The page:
[sword-devel] Ideas for using ThML for general books
Mon, 23 Apr 2001 07:35:34 -0400
> Does anyone have any suggestions for how this format ought to be done?
> Should we design a format that subdivides a text into arbitrarily small
> divisions? The Early Church Fathers* series could be broken down into set,
> volume, section, & chapter for example. Schaff's History of the Christian
> Church into volume, chapter, & section. Etc. So the divisions meet the
> needs to the text rather than making the text conform to a set division
> structure like we have with Bibles, where the text must break down to book,
> chapter, & verse. From there, we just create index files similar to the
> bss, css, & vss files but for as many ranks of division as the book
> requires, and set the value of the smallest division equal to the start
> position & length of the section of text within the data file
> (identical the
> way all the other module formats are done).
ThML has the <div1> <div2> etc tags which are intended for this purpose.
Every division or section is a <divn>.
Here's a suggestion for how you might use ThML for "general books" at a
- Get any of the metadata that you might need from the ThML.head section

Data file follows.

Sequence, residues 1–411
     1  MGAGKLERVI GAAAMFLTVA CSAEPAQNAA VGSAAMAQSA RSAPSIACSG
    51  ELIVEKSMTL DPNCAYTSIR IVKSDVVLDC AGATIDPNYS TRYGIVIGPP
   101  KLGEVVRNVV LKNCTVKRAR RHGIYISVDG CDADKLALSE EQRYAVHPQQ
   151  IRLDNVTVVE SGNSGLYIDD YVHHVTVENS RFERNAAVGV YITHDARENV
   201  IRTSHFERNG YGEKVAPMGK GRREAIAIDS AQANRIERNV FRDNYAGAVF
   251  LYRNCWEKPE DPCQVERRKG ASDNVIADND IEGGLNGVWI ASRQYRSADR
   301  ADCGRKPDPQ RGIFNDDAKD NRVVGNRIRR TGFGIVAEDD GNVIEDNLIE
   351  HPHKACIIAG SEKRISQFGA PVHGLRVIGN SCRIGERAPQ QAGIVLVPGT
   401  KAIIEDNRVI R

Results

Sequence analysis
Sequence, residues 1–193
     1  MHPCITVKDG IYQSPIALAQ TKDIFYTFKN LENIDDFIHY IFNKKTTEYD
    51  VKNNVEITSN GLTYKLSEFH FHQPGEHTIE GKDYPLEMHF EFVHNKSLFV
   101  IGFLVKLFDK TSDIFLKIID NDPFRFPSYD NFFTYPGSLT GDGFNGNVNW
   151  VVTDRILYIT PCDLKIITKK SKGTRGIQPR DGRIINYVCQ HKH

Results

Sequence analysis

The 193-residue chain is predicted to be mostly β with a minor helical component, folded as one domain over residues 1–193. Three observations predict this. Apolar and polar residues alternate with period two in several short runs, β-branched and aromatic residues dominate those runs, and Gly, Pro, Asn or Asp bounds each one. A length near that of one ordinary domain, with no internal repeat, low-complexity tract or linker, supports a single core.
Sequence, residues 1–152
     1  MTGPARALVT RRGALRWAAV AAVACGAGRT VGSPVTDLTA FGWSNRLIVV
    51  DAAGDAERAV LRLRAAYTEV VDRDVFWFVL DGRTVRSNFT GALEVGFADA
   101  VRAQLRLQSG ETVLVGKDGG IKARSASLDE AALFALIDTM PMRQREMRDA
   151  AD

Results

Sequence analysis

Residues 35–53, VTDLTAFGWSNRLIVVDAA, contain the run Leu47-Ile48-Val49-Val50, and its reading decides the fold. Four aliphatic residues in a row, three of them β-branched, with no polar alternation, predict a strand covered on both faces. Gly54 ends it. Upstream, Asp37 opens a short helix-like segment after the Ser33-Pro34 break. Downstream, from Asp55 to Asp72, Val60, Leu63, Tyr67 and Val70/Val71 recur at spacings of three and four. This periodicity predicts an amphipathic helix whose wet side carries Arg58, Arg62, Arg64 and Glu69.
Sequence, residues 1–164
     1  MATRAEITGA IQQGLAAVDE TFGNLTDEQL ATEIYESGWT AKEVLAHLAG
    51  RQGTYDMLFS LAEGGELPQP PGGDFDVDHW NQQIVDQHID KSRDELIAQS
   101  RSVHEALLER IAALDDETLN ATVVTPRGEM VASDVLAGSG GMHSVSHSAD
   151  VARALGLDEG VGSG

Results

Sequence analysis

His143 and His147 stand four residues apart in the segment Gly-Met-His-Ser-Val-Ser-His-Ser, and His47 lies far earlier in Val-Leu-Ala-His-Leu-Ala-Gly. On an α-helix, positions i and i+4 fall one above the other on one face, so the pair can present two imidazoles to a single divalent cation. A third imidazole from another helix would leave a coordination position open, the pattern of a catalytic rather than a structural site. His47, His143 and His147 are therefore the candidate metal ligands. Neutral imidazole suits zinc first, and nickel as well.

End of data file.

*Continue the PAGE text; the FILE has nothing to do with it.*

- Use the stylesheets (internal and external) from the ThML.head section
- Split the ThML text at the <divn> ... </divn> tags. Those are your text
subdivisions. Use the title= attribute for the name of the section.
- Build a table of contents out of the <divn> tags you have found
- Convert each of the sections you found into straight HTML and display
with an HTML widget. For the most part, the sections are already straight
HTML, except that they also have <note>, <scripRef>, <pb>, and maybe
a few other ThML tags. So you will want to find the <note> tags and
handle them appropriately, find the <scripRef> tags and link the scripture
reference, find the <pb> tags and put in some kind of notation showing that
this is a new page of the print edition, etc.
- If you want to get fancier, build indexes out of the <scripRef>, <index>,
<name>, etc. tags.
Note that the majority of the ThML texts on the CCEL site are not validated.
I'm working in that direction, but if you require validation, you will have
a much smaller set of texts you can work with -- or extra time validating the
texts you want.
You might want to build your own, looser "parser" that acts as described
above and feeds the resulting HTML sections to an HTML widget.